The third Sunday of Easter, May 1, 2022
“The Sanhedrin ordered the apostles
to stop speaking in the name of Jesus, and dismissed them.
So they left the presence of the Sanhedrin,
rejoicing that they had been found worthy
to suffer dishonor for the sake of the name.”
– Acts 5:40b-41
Brothers and Sisters,
“Who’s on first?” The classic banter of Abbot and Costello is one of my favorites. While Abbott tries to name the various players on his baseball team, Costello is left bewildered. The ridiculous names, of course, are only meant to confuse: “Who,” “What,” and “I don’t know” to start. If you have not heard this routine or shared it with the next generation in the family, search for it online (there are various audio and video recordings).
The disciples are left quite bewildered after Jesus’ death. Even with his Resurrection, they do not have clear guidance or direction. Not surprisingly, Peter rallies some of the crew and returns to a familiar activity: fishing. After a dismal night without catching anything, Jesus approaches, encouraging them to cast their net once more – reminding them and us of the first time he called Peter. And the resulting catch of fish is once again miraculous.
After ensuring the disciples are fed, Jesus has a conversation with Peter – which in the original language of the Scriptures sounds like the “Who’s on first” routine. We see it played out in this dialogue for those who have studied the many Greek words for love. He asks the question the first two times; Jesus uses the Greek agape, and Peter responds with philia. It might sound more like this in English: Jesus asks Peter, “Do you love me with the depth of love that I gave my life for the world?” Peter’s response, “You know I love as a best friend!” On the third time, as Peter is either not fully understanding the difference or not ready to commit, Jesus lowers the bar of his request: “Peter, do you love in a way that you will put me first?” Exasperated, Peter affirms this brotherly love.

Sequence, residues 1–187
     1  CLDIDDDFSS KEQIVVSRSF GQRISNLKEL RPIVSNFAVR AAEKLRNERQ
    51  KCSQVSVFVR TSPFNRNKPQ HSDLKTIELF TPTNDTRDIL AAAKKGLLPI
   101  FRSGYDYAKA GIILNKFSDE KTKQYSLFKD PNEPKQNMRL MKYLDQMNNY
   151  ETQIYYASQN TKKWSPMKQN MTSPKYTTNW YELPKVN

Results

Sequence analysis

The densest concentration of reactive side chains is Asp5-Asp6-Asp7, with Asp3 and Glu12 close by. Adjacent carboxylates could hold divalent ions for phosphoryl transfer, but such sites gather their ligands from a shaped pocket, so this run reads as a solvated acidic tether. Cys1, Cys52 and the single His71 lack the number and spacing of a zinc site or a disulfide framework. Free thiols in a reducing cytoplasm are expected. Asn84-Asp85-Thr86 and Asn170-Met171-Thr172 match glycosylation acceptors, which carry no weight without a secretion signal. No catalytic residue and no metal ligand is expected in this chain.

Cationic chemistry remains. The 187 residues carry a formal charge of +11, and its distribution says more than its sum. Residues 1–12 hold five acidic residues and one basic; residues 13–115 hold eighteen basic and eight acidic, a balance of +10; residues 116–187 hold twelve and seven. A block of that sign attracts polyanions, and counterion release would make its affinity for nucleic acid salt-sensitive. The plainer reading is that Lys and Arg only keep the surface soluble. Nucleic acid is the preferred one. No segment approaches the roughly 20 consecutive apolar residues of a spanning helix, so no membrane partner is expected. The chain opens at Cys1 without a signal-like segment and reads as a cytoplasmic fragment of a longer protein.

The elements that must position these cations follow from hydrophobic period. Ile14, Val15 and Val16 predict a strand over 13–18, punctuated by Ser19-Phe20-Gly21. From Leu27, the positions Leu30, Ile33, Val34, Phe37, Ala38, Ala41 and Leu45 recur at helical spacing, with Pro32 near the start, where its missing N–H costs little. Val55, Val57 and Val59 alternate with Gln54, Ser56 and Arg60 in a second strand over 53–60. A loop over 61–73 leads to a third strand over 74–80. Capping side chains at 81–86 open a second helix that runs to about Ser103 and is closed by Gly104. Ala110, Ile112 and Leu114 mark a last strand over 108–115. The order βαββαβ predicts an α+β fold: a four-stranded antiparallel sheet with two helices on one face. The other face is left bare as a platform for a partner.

Jesus knew that Peter still had to grow in love so he could love him with that all-encompassing agape and in turn, in his service, love those Jesus entrusted to his care. In Acts, we see that love lived out as the disciples learn to really obey the Lord. Obedience is an underappreciated virtue in the world today. To obey another is rooted in listening, with a sincere desire to understand what is being asked. And like the disciples, sometimes we might need to retreat to a place where we are comfortable to discern, in obedience, what the Lord is asking of us. Trust that He will draw near and will illuminate the path forward to which he calls each of us through the Spirit.
Please remember in your prayers the workers of the former Sheraton Columbia. During the pandemic, many workers were laid off. Now, reopening as the Merriweather Lakehouse Hotel, the owner has resolved not to recall the workforce, as they earned a living wage through the representation of their union. The Maryland Catholic Labor Network is discouraging the use of the hotel for receptions or events until the owner rectifies this injustice. Check out the catholiclabor.org or directly at the article by visiting here, Right to Recall for Howard County Hotel Workers.
In the Risen Lord,
Rev. Michael S. Triplett